That may be so for some people. I'm not one of them. For those who have been forced from living within their means to beyond, then follow the example above set by Joseph Woolston Brick. Cut out anything you really don't need. TV really DOES work just fine with an over-the-air antenna. No monthly bill. Fast internet access may be on my chopping block very soon. Might be able to latch on to an unsecured wireless signal from across the River. I really want to say goodbye to Comcast.
Mark Story Jenks September 06, 2012 at 10:12 PM
Basic cable tv was around $6.95 a month when it first came out in Herbertsville. In the early 70's I think.
WMS826 September 07, 2012 at 01:01 AM
There will always be wants vs needs. I do not miond paying cable bill, but now it is over 100.00 and everything has commecials on it anyway. What am I paying for then, These networks should pay Comcast to carry them or no one would see their programs and they could not generate advertising revenue. Who is representing us to make certain we have jobs, and good paying ones. Answer is no one because you, the middle class is not organized.
KC September 07, 2012 at 04:08 AM
These hard times were in large part brought to us courtesy of the GOP, their Wall Street traitor friends and the corporations. The blame Obama right wing are by and large uneducated to the facts.
KC September 07, 2012 at 04:27 AM
You are very right. What we all pay for Television and phone can be ridiculous. And ya know Joe Wools, that the Verizon CEO had a private VIOS line run to his hotel/mansion on Princeton Avenue. The service is not available to rank and file Verizon account holders - let em eat cake. This while guys like Drysdale wonder if they will be homeless. They are my favorite people to dislike after opening some of their "surprise" bills and their forcing workers out - replacing them with cheap, imported labor. You are so right. We need to quit supporting these greedy corporate interests by not buying into all of their gadgetry. If people are reluctant to get rid of their land line they should at the least consider cancelling the Long Distance Service on the line. It is a separate charge and with tax can be pricey, even if you never use it. In instances where people also have cell phones, they may be paying for duplication of services. Our landlines in my part of Brick are so antiquated we can't use them when it rains. Verizon refuses to upgrade them. No one is arguing to get the services for free - but what they are doing is gouging plain and simply. Ya don't build those hotels on the water by making a living.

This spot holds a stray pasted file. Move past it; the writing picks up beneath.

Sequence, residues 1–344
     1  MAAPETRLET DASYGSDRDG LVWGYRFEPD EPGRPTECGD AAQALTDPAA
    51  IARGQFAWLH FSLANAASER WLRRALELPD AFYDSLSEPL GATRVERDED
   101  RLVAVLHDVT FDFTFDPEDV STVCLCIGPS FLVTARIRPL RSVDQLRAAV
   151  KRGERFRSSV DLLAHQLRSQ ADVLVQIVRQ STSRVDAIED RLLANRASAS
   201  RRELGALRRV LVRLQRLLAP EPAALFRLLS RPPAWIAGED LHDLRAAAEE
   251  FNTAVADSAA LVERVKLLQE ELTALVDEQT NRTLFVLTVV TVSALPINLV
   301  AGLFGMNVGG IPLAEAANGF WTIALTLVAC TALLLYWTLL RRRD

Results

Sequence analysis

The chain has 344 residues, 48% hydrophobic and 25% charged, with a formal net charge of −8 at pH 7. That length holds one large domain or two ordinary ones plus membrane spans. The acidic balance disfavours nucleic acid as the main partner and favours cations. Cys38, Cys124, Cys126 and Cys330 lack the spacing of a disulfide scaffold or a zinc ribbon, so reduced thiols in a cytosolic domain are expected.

KC September 07, 2012 at 04:30 AM
Well I know a "hotel" we can all hole up in. lol
KC September 07, 2012 at 04:38 AM
Geez WM I have been pleading this for years. Voted Ross for Boss - listened to Ron Paul - didn't agree with him on a lot but was considering him anyway. We see what happened to him - they shut him out of the RNC so fast it made his head spin. It doesn't take an Einstein to understand what Einstein said - The definition of insanity is to continue to do the same thing and expect a different result. Republicrats, Democrats All the same. Tired of voting lesser of two evils. Loved Bill Clinton the other night - but let's not forget Bubba supported NAFTA! How anyone can vote for a Republicrat eludes me. I think it is the senile who still think the Republicans are the party of Reagan. 2016 - THIRD PARTY CANDIDATE, GRASS ROOTS!!!! Is there a hero amongst us?
KC September 07, 2012 at 04:40 AM
You are wrong BW, it is ALL about Republicrats and Democrats. They have been in our pockets so badly over the last two decades at every turn they have driven our whole system broken and poor.
KC September 07, 2012 at 04:45 AM
Geez, noneofyour, My other half leaves for work at four o'clock in the morning doing the Parkway run north. What always struck me was even at that hour there are women with the baby car seats commuting. This is the very real price we pay courtesy of the thieves in our pockets.
KC September 07, 2012 at 04:51 AM
Very true. However I will say that two cars is no longer a luxury. Jobs with real wages are by and large only available within considerable commutation distance. Maintaining two vehicles is no choice in a state lacking mass transit infrastructure. I think the old paradigm of living in the cities will once again be necessary - unless we go green car and/or rapid transit.
KC September 07, 2012 at 04:52 AM
Yah and I have heard from older people that when cable first came out - there were no commercials! That was the big draw commercial free television.
KC September 07, 2012 at 04:53 AM
Technically that would be, "we the middle class ARE not organized." So let's organize.
DDJA March 21, 2013 at 12:04 PM
Politicians and FEMA officials MUST understand the long term devastating impact of forcing people to elevate their homes. Most people in Brick are middle-class. In addition, the cost that is attached to elevating homes is EXTREME!!!! Why is NJ being asked to absorb such insane costs, when in fact, other parts of the country have not?? It sickens me that we pay such high taxes in this state....and this is the %@#*$^ we get for it. People will walk away from their homes or have to give them away....and guess what... this WILL impact those people who think they are not impacted by these proposed flood zones.....watch.